Today is Father’s Day and, to most, it is a joyous holiday. We honor our dads, and for those that are dads, we get to feel especially appreciated. To some it’s more painful. We know those that have lost their dad, and this day is a aching reminder that he is no longer here. Others have had an abusive relationship with their father or were abandoned at a young age. This has been my experience.
I was born in Wiesbaden, West Germany during the Cuban Missile Crisis (look it up if you’re unaware of US history and the real threat of a nuclear war with Russia). My biological father, Barry Goldberg, was a member of the USAF. My earliest memories of him were excitedly watching out the apartment window waiting for him, and upon coming in the front door, he’d throw me gleefully in the air. It didn’t last long. My baby sister arrived and my father disappeared. Forever… No one in my family spoke of him again. Many years later I was told my mother walked in on an affair he was having. My mother refused to discuss it.
When I was 7, my mother remarried. Sal Farenga was from an strict Italian family, who was previously married with 4 kids. I was VERY confused at a young age about all this. Somehow I had a new last name, a new father, and a new family dynamic. This new dad didn’t throw me in the air or show me any attention, and really didn’t bond with me at all. He never went to any of my baseball or soccer games that my teammate’s dads did. I really can’t think of any fond moments with him. I do remember harsh physical punishments for disobedience and a favoritism towards my younger sister.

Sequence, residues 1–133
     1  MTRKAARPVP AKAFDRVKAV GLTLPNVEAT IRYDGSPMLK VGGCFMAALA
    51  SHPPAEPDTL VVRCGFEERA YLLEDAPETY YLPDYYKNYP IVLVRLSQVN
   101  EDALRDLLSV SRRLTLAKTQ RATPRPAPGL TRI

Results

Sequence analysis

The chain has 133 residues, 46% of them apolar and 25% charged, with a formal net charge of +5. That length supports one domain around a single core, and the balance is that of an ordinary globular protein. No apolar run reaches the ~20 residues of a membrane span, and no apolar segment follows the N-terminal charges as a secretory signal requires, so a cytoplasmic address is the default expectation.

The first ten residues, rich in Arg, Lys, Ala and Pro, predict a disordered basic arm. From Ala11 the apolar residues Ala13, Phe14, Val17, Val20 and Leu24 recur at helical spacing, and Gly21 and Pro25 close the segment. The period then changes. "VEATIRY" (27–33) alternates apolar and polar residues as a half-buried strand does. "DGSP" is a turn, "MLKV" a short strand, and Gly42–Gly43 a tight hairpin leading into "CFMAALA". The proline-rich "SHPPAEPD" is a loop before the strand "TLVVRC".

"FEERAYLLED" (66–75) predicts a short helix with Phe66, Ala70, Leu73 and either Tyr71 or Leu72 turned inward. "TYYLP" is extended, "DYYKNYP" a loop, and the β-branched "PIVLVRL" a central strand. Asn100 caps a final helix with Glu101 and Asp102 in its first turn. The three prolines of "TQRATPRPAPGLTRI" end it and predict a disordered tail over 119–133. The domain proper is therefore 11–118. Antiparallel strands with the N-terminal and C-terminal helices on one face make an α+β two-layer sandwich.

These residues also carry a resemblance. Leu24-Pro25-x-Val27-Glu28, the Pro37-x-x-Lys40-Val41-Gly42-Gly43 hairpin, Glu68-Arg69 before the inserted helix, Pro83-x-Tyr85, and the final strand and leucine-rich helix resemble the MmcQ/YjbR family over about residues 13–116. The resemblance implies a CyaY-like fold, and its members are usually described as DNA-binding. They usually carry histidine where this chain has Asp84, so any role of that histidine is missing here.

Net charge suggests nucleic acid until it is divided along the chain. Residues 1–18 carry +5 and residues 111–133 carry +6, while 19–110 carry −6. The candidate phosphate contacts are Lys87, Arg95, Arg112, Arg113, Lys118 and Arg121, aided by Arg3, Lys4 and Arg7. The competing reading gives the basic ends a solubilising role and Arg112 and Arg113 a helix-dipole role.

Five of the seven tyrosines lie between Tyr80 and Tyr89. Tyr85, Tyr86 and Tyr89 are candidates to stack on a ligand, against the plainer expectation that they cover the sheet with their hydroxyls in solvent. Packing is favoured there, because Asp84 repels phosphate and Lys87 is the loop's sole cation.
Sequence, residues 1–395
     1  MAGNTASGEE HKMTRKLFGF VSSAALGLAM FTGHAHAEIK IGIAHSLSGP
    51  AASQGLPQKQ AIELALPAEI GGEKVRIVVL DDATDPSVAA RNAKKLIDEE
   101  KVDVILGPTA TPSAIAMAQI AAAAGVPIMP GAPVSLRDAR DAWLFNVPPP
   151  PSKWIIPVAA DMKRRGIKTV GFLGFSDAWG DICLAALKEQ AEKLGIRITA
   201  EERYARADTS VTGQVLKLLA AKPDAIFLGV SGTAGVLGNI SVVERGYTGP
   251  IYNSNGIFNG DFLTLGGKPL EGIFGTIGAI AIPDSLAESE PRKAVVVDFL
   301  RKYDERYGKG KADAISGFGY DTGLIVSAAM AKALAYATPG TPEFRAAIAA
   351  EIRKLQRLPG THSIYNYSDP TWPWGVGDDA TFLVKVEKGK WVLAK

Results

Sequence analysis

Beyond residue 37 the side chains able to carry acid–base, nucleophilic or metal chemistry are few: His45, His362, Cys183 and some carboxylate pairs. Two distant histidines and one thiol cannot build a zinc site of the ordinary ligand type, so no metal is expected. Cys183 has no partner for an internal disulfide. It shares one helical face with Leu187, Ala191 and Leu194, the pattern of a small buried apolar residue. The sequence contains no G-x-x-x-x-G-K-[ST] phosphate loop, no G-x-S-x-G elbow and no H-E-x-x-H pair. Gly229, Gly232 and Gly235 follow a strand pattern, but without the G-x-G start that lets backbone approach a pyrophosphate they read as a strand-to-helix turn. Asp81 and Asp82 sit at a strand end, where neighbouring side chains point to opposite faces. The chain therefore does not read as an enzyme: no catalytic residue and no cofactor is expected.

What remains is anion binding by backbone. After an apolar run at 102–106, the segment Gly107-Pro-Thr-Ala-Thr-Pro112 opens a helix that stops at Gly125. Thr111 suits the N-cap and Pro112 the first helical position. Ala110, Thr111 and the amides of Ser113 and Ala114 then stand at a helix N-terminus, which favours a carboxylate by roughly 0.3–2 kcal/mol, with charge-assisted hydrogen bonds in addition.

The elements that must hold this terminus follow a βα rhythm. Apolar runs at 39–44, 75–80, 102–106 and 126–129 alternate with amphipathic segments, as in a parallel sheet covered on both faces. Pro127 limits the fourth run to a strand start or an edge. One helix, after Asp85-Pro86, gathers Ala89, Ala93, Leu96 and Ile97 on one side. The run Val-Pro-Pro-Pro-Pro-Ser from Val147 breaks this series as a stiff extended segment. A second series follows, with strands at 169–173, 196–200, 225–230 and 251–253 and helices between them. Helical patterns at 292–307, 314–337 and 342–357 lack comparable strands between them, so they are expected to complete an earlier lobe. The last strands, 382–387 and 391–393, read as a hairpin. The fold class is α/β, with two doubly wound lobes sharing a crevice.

I spent time with Andrew Fuentes and Wysmar Clealand this morning and they shared stories of their dads. Wysmar remembers going fishing with his dad and him baiting his hook and showing his son how to do fish. Andrew has such a close relationship with his dad, that even yesterday, while they were fixing a pair of scissors together, Andrew stabbed himself with his screwdriver, causing a shallow wound. I was really moved when he mentioned that he’d hoped that the red mark would always stay there, to remember that time with his aging father, knowing their time together might be coming to an end.
I am not bitter or resentful that I didn’t have that bond with either father anymore. I’m sure he did the best he could trying to financially support and raise 6 children. I have tried to compartmentalize these feelings of abandonment and abuse over the years into trying to not duplicate these mistakes with my children. Only they can answer if I’ve been successful.
Joe Stearns shared in his message this morning that there are “Love languages” that include words of affirmation, acts of service, receiving gifts, quality time, and physical touch. When we ” find out what pleases the Lord” we learn that God’s love language is obedience. In John 14:31 Jesus loves the father and does exactly what he says. Our obedience will lead to success, whether it’s an orchestra or military or the New England Patriots. Joe reminded us a true saving grace is reserved for those who genuinely obey, and in Gal 5:19-21 that those that live like this (and are hypocrites) will not inherit the kingdom of God. Matt 5:14-16 says that “they may see your good deeds and praise God”. We see that our gratitude motivates us and it’s the lifestyle of heaven with 1 common goal… to hear “Well done good and faithful servant”.
So whether we have the greatest relationship in the world with our father or it’s been a more painful reminder, we have a perfect father in heaven that wants to have an amazing relationship with us.
Happy Father’s Day everyone and especially to you God ! Have a great week !